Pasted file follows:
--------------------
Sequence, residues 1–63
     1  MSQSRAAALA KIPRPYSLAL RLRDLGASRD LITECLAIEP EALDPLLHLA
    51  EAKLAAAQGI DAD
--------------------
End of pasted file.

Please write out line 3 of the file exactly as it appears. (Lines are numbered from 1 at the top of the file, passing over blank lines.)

    51  EAKLAAAQGI DAD